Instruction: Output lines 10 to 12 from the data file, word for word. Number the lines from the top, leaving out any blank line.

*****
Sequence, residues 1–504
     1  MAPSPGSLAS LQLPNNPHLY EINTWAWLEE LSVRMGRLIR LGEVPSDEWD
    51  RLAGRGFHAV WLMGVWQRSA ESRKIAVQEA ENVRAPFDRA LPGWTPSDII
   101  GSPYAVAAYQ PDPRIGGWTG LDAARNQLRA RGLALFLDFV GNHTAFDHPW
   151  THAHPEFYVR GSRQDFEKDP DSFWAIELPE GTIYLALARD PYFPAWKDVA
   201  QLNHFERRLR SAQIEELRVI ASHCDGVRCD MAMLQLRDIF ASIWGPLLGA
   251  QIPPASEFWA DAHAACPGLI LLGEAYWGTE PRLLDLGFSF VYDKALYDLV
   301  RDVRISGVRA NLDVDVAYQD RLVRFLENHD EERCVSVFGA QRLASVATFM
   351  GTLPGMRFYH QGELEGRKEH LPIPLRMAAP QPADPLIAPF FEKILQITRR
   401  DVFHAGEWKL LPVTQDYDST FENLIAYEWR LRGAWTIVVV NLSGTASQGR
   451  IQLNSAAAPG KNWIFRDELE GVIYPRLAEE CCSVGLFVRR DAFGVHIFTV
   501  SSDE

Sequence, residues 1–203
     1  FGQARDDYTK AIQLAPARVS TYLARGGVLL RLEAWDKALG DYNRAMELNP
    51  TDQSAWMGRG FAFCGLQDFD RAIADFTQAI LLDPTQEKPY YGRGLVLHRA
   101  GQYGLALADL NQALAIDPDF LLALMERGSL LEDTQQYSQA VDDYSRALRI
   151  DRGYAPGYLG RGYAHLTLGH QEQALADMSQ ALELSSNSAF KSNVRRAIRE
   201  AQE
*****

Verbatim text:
   401  DVFHAGEWKL LPVTQDYDST FENLIAYEWR LRGAWTIVVV NLSGTASQGR
   451  IQLNSAAAPG KNWIFRDELE GVIYPRLAEE CCSVGLFVRR DAFGVHIFTV
   501  SSDE